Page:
Thursday, August 7, 2014

Word Warfare

A few professors from the University of Mississippi have complained that the nickname of the school, which is "Ole Miss," is racist.  Not being from the South and not understanding the historical context, I was flummoxed.  A friend turned me to another article to explain.  Researching yet further, I also discovered that there is debate on the true derivation of the moniker.

In the late 1880's the school held a contest to name the yearbook.  Elma Meeks entered the winning selection of "Old Miss."  While we'll never know what she meant, there are two predominate theories as to where the name might have come.  One is that it is simply a diminutive of Old Mississippi.  The other is that it's short for "Old Missus," from the slave's term for mistress of the plantation.  The agitated professors subscribe to the latter.

As a writer, editor, and sometimes etymologist, I take great interest in words: what they mean, their historical significance, and how they're used both in speech and writing.  For instance, one of my pet peeves is when people use "anxious" for "eager."  Anxious is the antithesis of eager; for when one is anxious one is dreading something.

Memes on the Internet are ripe with bad grammar, horrific spelling and downright misuse of words.  They're/there/their, it's/its, or lose/loose are commonly and incorrectly interchanged.  I've seen plane for plain, accept for except, prosecute for persecute...well, the list goes on.  The point is that even when we have a clearly defined meaning, humans are there to muck it up.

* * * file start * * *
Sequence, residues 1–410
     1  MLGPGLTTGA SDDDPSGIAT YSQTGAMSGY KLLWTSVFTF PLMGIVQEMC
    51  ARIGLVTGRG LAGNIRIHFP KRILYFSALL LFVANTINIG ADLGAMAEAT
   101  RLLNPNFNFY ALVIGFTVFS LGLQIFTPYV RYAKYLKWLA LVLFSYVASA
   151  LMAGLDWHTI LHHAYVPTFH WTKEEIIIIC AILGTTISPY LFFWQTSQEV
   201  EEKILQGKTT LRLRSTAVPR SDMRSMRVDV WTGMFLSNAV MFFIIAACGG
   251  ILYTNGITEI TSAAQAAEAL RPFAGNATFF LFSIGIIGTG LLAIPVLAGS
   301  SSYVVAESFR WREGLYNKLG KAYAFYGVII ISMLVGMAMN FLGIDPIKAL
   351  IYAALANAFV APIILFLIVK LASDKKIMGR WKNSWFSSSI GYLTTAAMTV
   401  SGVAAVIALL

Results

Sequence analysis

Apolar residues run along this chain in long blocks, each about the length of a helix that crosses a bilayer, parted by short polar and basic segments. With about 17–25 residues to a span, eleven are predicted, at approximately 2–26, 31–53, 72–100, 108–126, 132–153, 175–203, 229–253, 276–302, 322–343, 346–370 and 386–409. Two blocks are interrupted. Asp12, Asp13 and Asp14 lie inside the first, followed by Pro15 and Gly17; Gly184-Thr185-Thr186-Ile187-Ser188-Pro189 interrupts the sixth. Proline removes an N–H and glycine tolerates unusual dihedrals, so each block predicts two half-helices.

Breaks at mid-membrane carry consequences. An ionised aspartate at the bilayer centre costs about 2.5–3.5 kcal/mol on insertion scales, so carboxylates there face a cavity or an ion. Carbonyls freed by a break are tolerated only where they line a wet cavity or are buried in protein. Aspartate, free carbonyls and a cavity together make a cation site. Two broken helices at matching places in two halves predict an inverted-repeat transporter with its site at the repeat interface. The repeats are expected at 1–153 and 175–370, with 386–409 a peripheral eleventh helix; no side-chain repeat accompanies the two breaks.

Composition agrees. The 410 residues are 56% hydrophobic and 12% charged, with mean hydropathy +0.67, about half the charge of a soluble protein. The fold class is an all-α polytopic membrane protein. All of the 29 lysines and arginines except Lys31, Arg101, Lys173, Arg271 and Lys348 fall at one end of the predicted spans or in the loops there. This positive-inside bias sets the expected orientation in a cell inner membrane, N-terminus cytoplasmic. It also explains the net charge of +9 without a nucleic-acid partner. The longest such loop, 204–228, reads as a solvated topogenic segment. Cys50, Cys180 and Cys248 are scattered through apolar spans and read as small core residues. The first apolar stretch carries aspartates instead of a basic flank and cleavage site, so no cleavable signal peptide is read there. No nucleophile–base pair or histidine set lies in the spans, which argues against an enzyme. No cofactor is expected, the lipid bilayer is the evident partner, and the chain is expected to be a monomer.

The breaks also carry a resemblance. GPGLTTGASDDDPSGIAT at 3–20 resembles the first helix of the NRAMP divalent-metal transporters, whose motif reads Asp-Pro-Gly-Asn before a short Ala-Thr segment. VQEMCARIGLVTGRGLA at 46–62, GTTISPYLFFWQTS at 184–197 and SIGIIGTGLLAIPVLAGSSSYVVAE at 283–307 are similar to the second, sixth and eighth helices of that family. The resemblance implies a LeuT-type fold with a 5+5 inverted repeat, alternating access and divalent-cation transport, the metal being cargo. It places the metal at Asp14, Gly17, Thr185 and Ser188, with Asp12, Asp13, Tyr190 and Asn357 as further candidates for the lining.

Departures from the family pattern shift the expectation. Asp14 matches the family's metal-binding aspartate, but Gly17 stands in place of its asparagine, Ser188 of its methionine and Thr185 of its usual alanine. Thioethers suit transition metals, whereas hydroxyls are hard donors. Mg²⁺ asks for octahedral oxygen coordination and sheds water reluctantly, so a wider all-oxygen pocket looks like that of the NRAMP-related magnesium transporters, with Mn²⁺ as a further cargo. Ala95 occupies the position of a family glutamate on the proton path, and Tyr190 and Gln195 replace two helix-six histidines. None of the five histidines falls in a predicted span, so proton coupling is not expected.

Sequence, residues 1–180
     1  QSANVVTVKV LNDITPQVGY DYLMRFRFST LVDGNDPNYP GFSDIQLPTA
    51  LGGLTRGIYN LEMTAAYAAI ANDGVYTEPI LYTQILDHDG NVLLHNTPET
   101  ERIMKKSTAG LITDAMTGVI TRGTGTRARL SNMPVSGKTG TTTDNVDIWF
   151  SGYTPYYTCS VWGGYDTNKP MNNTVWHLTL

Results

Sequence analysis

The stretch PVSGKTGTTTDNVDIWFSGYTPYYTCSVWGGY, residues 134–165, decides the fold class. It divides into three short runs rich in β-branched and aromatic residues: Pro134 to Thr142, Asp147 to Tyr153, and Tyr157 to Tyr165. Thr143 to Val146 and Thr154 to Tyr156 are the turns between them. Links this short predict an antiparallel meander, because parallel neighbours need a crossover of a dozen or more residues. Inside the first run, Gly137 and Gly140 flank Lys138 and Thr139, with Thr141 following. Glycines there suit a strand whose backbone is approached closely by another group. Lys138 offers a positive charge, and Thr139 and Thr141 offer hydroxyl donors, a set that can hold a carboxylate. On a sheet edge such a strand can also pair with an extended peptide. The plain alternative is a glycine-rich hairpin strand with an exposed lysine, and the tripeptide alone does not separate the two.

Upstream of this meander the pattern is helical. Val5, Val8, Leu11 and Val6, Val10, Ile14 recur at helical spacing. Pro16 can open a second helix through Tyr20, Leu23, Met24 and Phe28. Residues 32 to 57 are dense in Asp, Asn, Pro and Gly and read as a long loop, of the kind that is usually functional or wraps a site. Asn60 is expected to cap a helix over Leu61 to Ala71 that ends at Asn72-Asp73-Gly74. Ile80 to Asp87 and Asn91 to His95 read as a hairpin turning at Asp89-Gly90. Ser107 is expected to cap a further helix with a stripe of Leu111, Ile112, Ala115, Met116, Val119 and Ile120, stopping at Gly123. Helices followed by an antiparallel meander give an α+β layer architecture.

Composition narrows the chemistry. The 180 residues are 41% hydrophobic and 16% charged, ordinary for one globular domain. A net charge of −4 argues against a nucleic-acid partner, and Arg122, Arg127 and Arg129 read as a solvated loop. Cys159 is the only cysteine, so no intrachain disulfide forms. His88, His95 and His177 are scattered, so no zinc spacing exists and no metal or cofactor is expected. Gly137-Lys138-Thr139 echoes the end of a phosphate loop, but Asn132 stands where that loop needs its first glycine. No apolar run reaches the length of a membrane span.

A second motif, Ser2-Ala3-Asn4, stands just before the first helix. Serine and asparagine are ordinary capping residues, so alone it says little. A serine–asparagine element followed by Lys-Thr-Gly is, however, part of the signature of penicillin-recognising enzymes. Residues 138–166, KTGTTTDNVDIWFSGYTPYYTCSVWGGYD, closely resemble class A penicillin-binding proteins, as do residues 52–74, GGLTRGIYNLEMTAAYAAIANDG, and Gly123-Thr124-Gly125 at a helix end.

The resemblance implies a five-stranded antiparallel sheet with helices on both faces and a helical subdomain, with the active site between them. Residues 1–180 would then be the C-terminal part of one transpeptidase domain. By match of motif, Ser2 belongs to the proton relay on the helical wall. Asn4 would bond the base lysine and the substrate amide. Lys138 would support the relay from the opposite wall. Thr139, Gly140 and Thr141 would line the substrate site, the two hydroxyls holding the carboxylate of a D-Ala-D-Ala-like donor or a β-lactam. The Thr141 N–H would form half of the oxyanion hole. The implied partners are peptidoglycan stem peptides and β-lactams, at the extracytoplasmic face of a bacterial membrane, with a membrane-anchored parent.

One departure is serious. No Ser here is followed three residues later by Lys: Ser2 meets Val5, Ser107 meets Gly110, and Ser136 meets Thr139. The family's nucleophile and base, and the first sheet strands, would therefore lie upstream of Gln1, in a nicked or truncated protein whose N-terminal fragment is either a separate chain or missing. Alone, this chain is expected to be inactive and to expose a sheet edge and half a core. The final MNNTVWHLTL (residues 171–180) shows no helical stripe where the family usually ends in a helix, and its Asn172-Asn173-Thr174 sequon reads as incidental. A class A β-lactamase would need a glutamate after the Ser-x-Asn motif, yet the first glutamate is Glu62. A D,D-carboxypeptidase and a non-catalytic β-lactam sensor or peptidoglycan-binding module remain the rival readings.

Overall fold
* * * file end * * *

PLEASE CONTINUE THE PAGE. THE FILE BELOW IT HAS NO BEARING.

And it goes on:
But, what happens when a word changes meaning over time?  Then what?  The masters at Webster's and Oxford English agree on this: any spoken language changes with time.  That's why Latin was chosen for medicine and science.  It is a language no longer spoken and therefore can not be altered by use.  The meanings of Latin words are frozen in time.

English, however, is another story.  "Awful" used to mean "inspiring wonder" not "horrid." "Brave" used to mean "showy" not "courageous."  "Bully" used to mean "good fellow" not someone who beats you up.  Words change meaning.  Names change meaning.  Our language ever evolves.

The nickname "Ole Miss" has been used at the university for over 100 years.  Can it now be said to refer only to the school, even if it might have had roots in a shameful past?  Can it not now mean only a beloved institution of higher learning?  Has the meaning become synonymous with a school?

I think the danger we have when we start down the road of being offended by a word that has a history we cannot tolerate is that we don't allow for growth or change.  If "pretty" still meant "sly or cunning" then it would be an insult (to most) and not a compliment we bestow.  Our language adapts and grows as our society transforms it with daily use...and abuse.  Maybe we simply need to accept that.

I've never subscribed to the PC policing of my phraseology, yet I've altered the words I use as times have changed.  People can get riled about words that upset, but let's face it, they're only words.  In some cases, surely, they are words with a sketchy past.  Now, there are certainly words that have too much baggage and those need to be shelved—you know of which words I speak.  It just seems to me that most words in our current vernacular can only offend someone looking to be offended.


Monday, June 23, 2014

Watch out for those planks!

So, a friend (I use the term loosely here) said to me, "can we talk privately?"  Meaning out of earshot of the kids.

Oooookaaay.  Bracing.

She went on to "inform" me of what she observed of my parenting style.


I won't gossip about what she said, but suffice to say, she had some pretty sound conclusions as to why my child isn't acting the way she imagines a good child should act and much of it boils down to my parenting style.